“Compulsory administration of a vaccine without hampering one’s right to life and liberty based on informed choice and informed consent is one thing. However, if any compulsory vaccination drive is coercive by its very nature and spirit, it assumes a different proportion and character.”
The court in Meghalaya also cited English common law, citing the case of Airedale NHS Trust v. Bland (1993), which concluded that forcing an unwilling adult to undergo a flu vaccination is both a felony and a civil violation.
The Indian court remarked on this, finding:
“[T]hus, coercive element of vaccination has, since the early phases of the initiation of vaccination as a preventive measure against several diseases, have been time and again not only discouraged but also consistently ruled against by the Courts for over more than a century.”
From such an administrative standpoint, the court in Meghalaya held that not only had the central Indian government not forced vaccines, but that there was also no legislation or directive that authorized state governments to enforce immunization mandates inside their own area.
Yadav case draws upon extensive Indian legal precedent, scientific studies
The criminal charge in Yadav v. Maharashtra cited a number of other Indian court judgements, notably recent COVID vaccine-related cases like Dinthar Incident v. State of Mizoram and Others (2021) and Madan Mili v. Union of India (2021).
These verdicts determined that vaccinated adults can become afflicted with COVID and transmit infection just like unvaccinated people, and that there can be no distinction between the two groups. Articles 14, 19, and 21 of the Indian Constitution prohibit such discrimination.
The following cases and English common law are mentioned in Yadav v. Maharashtra:
Common Cause v. Union of India (2018) held that:
“[A]ll adults with capacity to consent have the right of self-determination and autonomy. The said rights pave the way for the right to refuse medical treatment … [a] competent person who has come of age has the right to refuse specific treatment or all treatment or opt for an alternative treatment …
“The best interest of the patient shall override the State interest.”
Osbert Khaling v. State of Manipur (2021) held that:
“Restraining people who are yet to get vaccinated from opening institutions, organizations, factories, shops, etc., or denying them their livelihood by linking their employment … to their getting vaccinated would be illegal on the part of the State, if not unconstitutional.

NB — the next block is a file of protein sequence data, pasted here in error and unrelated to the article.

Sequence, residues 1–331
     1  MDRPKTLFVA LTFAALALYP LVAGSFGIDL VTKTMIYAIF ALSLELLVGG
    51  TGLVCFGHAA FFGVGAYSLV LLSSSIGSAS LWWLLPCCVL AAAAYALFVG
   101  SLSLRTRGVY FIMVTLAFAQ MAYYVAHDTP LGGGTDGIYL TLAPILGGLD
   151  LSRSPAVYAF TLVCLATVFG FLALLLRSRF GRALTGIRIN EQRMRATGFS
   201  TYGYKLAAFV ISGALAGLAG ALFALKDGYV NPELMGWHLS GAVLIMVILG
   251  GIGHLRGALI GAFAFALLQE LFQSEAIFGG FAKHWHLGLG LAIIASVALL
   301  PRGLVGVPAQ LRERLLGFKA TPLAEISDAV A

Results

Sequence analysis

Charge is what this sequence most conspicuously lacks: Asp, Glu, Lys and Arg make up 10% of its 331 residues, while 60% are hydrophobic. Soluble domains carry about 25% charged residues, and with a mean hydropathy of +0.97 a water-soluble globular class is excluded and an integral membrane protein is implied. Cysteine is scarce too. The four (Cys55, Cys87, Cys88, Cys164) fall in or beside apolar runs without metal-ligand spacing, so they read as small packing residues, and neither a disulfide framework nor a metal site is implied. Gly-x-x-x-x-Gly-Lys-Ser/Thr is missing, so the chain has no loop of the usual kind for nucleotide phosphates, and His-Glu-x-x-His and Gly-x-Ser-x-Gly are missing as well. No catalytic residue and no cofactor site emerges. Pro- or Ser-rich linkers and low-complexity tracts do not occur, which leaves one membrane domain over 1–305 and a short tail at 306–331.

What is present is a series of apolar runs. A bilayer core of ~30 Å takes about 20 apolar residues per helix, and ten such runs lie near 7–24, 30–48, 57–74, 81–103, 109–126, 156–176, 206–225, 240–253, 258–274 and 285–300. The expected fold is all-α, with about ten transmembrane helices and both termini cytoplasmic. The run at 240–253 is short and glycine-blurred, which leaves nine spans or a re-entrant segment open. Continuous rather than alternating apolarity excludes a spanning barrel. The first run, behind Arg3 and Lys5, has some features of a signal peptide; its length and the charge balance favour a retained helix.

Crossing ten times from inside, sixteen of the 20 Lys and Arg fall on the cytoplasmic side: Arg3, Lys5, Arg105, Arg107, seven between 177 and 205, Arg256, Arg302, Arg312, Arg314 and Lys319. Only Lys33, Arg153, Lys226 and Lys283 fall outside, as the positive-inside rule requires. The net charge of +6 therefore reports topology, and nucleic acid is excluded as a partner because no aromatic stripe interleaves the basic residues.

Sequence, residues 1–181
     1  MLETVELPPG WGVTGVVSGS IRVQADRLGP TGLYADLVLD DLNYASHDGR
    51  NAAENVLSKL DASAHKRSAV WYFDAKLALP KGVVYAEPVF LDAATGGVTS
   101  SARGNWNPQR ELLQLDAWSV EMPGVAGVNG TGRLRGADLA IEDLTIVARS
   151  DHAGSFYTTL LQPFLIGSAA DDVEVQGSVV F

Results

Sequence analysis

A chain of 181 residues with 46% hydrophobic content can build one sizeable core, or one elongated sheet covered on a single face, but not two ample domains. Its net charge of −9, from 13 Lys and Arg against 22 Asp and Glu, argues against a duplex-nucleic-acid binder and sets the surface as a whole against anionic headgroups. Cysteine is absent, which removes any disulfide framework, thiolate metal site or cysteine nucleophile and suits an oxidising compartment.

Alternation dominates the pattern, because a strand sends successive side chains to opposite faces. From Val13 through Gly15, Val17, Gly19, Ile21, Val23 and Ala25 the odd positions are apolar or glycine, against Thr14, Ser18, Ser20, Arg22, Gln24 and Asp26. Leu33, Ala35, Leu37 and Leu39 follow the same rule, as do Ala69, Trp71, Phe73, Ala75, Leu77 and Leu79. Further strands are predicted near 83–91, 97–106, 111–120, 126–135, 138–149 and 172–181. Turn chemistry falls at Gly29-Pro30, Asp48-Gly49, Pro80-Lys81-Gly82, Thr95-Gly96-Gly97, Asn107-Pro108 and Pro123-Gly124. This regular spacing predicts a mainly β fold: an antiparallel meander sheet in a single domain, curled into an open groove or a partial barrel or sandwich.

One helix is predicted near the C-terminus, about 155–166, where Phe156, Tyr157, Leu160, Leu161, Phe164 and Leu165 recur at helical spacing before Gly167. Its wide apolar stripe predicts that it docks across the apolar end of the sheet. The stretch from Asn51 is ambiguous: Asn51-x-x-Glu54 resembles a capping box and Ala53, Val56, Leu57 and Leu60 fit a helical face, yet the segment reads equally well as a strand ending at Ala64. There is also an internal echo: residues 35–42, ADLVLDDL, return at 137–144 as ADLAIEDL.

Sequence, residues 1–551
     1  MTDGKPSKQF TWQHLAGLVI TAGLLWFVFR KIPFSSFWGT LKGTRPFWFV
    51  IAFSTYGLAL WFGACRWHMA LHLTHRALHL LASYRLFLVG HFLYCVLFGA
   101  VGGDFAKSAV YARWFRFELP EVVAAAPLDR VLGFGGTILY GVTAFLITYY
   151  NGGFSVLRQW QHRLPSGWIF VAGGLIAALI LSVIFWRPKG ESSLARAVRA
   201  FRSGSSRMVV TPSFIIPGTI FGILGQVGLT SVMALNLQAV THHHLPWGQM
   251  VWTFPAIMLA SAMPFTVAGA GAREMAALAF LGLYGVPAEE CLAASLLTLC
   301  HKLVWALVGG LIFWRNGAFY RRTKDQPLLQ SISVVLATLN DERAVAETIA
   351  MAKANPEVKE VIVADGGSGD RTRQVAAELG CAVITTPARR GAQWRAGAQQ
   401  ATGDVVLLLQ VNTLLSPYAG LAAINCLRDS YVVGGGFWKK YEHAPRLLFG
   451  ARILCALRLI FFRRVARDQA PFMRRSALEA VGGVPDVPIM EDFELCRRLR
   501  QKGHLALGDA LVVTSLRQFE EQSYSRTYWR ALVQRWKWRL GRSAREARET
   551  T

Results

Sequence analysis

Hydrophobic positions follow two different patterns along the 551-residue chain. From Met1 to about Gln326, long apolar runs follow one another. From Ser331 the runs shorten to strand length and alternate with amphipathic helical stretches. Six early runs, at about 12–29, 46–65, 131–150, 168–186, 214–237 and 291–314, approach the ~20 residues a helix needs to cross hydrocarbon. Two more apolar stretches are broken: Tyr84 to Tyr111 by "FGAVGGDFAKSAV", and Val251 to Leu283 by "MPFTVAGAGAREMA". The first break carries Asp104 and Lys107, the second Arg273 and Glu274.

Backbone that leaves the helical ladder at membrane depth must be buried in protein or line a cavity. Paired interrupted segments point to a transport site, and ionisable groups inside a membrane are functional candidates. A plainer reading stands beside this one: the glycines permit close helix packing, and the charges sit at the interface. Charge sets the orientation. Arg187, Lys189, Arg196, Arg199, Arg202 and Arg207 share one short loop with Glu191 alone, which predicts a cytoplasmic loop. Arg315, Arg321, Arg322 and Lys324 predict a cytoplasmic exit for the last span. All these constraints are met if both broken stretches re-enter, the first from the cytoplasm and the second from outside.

“Such a measure would also trample upon the freedom of the individual to get vaccinated or choose not to do so.”
Montgomery v. Lanarkshire Health Board (2015), English common law, held that:
“An adult person of sound mind is entitled to decide which, if any, of the available forms of treatment to undergo, and her consent must be obtained before treatment interfering with her bodily integrity is undertaken.”
In Yadav v. Maharashtra, the Indian Health Ministry’s undersecretary, Satyendra Singh, reaffirms that vaccination is still consensual, that the Indian government “has not formulated or suggested any policies for discrimination between citizens of India on the basis of their vaccination status,” and that no individual can be compelled to be inoculated.
The case also cites Indian law, notably the Disaster Management Act of 2005, which states that state governments cannot make restrictions that contradict national government directives. According to the Yadav v. Maharashtra lawsuit, such restrictions cannot be bypassed indirectly, citing another Indian court case, Noida Entrepreneurs Association v. Noida (2011).
Several clauses from UNESCO’s Universal Declaration on Bioethics and Human Rights (2005) are also mentioned in the complaint:
- Article 3 on human dignity and human rights, which holds that “[t]he interests and welfare of the individual should have priority over the sole interest of science or society.”
- Article 6, which holds that “any preventive, diagnostic and therapeutic medical intervention is only to be carried out with… prior, free and informed consent.”
- Article 8 on respect for human vulnerability and personal integrity.
- Article 11, which states that “[n]o individual or group should be discriminated against or stigmatized on any grounds, in violation of human dignity, human rights and fundamental freedoms.”
The complaint goes on to mention specific people, including India’s Drug Controller General Venugopal G. Somani and AIIMS’s Randeep Guleria, as participants in a “dishonesty and cheating campaign” and the “furtherance of [a] conspiracy” by creating the “false and misleading statement” that the COVID immunization were absolutely secure.
The lawsuit accuses Somani and Guleria of having a “one-line agenda to give wrongful profit to the vaccine companies,” and proceeds on to reference Indian case law holding that because “conspiracies are hatched on secrecy … no direct evidence is required to prove it. The offense can be proved from circumstantial evidences.”
The complaint also cites a combination of 81 research articles, which discuss, amongst many other things, the stronger resistance that someone with natural immunity have against COVID compared to those who are vaccinated, as well as the vaccines’ lesser efficiency against variations like Delta.